‘Govt Officers Can Curb Human Trafficking’

Joint Secretary of the Ministry of Foreign Affairs Harishchandra Ghimire said the problem of trafficking in course of foreign employment can be controlled if the government officers involved work effectively.
Speaking at an interaction programme organised on the occasion of 15th National Anti-Trafficking Day on Friday, Joint-Secretary Ghimire highlighted the need to bring the aider of the offence of trafficking under the ambit of law.

“The main reason behind trafficking and unsafe migration is lack of awareness among the people who seek foreign employment via illegal route. Thus, it is important for concerned stakeholders to emphasize on raising the awareness,” said Ghimire.

The participants also discussed the issues related to trafficking in/from Nepal, including legislation and policies on trafficking, which is marred by criminal approach.
The discussion also focused on the proposed Trafficking in Persons Bill (TIP Bill), 2021 of India.
Binita Pandey, advocate, said migration and trafficking could be confusing topics. Because of its connection, many people working on anti-trafficking campaigns have been concerned with larger migration issues for a long time.

While the connection exists in practice and some advocates have been working at this intersection, migration and trafficking are often kept separate – as separate concepts, as separate policies, and as separate social movements. Still, there is a thin veil between these two phenomena.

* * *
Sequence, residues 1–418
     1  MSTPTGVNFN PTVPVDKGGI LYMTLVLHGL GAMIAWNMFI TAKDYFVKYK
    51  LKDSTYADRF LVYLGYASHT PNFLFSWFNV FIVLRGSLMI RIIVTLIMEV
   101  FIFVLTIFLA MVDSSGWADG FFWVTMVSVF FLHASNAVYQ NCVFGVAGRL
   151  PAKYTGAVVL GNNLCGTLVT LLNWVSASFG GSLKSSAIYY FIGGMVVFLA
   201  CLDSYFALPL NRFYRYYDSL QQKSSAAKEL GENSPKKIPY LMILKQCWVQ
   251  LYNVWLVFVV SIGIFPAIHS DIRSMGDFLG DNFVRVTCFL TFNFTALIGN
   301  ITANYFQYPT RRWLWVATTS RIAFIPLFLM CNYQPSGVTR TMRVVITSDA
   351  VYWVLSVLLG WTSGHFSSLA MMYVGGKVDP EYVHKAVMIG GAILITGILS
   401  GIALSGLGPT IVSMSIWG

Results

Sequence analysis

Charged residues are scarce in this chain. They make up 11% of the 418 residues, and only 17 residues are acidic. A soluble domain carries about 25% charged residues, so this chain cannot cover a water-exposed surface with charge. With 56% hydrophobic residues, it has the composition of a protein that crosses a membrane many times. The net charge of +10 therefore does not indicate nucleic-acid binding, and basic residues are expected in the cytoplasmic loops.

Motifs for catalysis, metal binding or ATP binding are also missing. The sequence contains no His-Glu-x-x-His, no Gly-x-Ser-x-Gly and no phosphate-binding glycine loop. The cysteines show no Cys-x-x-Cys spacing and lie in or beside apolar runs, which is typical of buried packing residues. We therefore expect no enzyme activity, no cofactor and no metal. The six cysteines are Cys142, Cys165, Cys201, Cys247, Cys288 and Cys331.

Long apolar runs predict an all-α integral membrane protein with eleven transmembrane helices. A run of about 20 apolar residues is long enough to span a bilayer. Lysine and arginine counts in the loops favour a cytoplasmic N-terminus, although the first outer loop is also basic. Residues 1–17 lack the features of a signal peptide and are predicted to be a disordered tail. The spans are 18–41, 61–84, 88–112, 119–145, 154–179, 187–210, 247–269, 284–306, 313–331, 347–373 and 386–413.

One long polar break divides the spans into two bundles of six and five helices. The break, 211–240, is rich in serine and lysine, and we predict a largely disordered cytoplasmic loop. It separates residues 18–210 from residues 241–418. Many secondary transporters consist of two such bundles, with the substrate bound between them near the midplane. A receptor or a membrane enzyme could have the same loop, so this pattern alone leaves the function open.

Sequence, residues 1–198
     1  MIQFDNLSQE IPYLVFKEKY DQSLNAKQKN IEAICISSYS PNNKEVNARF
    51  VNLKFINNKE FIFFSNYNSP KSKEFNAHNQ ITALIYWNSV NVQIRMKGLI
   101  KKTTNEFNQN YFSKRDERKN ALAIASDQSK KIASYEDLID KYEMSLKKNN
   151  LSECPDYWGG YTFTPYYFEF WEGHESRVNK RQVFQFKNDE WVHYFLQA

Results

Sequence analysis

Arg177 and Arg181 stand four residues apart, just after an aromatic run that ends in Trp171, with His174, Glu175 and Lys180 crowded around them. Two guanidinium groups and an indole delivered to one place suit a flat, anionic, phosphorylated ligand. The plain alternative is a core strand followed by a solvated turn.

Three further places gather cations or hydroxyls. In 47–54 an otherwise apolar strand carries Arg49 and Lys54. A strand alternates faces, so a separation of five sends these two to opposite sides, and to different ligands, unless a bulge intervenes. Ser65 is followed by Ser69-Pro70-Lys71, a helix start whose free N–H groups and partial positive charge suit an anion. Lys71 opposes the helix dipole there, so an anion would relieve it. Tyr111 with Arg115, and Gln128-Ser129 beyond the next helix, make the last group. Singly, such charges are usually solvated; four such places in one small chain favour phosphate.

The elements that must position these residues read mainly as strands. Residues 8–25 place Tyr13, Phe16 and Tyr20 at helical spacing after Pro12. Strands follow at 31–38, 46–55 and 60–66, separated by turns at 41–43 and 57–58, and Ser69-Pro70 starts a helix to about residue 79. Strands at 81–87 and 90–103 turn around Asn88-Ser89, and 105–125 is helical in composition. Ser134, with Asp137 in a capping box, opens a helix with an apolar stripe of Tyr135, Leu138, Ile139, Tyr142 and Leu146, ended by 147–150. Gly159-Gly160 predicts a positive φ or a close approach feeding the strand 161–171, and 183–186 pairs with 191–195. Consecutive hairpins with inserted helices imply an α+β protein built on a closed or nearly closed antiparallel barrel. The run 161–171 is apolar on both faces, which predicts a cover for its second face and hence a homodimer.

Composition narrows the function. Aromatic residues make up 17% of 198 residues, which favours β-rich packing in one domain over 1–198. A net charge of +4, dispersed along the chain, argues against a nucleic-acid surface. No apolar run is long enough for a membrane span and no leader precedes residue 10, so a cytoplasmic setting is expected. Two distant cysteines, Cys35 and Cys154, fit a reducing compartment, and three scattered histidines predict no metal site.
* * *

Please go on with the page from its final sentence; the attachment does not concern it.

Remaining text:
“A punitive approach often leads to the confusion of trafficking with migration and of trafficking for sex work. However, it is pertinent to recognise migration as an important livelihood strategy that occurs in varied work sectors, including construction, domestic work, textiles and garment industries and such,” said Pandey.

Pandey also stated that since legislation and policies related to trafficking in Nepal and TIP bill of India are based on a criminal approach with little attention paid to human rights dimension, the government and the stakeholders need to make a discussion on this issue, particularly considering the COVID-19 pandemic, which in Nepal and India has shown cases of increase in trafficking in person.
Anjana Shrestha, Deputy Superintendent of Police, Anti-Human Trafficking Bureau, said that not only females but males are also victim of unsafe migration.

“In the course of travelling via illegal route for foreign employment, the agents compel both men and females to stay on hold in India for a long time in the belief that they will be travelling via India to the destination country because of which they have to face much difficulties,” said Shrestha.

In such a situation, Shrestha stated that proposed TIP bill may help in rescuing the migrants who are going to foreign countries via illegal routes, but it also has a huge potential of stigmatising the people who are not the victim of trafficking but are using the route via India to travel to their destination countries for foreign employment.

Drawing attention to the proposed TIP bill of India, Benu Maya Gurung, Executive Director of Alliance Against Trafficking In Women and Children in Nepal (AATWIN), said that since India and Nepal share the open border, and India is both the destination and the transit country for foreign migration the proposed bill may have a lot of implication in our country as well.

“Thus, it is important to discuss the said bill is not only limiting to the stakeholders in Nepal but also with the Stakeholders in India. And most importantly, it is crucial to bridge the gaps and harmonize the national laws with the International Instruments related to trafficking,” said Gurung.
Richard Howard, Country Director, ILO Office, Nepal focused on how Nepal government’s restrictive policies on female migration have forced and compelled women to travel to countries of destination through informal channel.

Thus, Howard stated that the restriction on female migration has created greater vulnerabilities for women, who have faced increased exploitation and trafficking since they are compelled to travel to those countries through informal channels.

Source : TRN,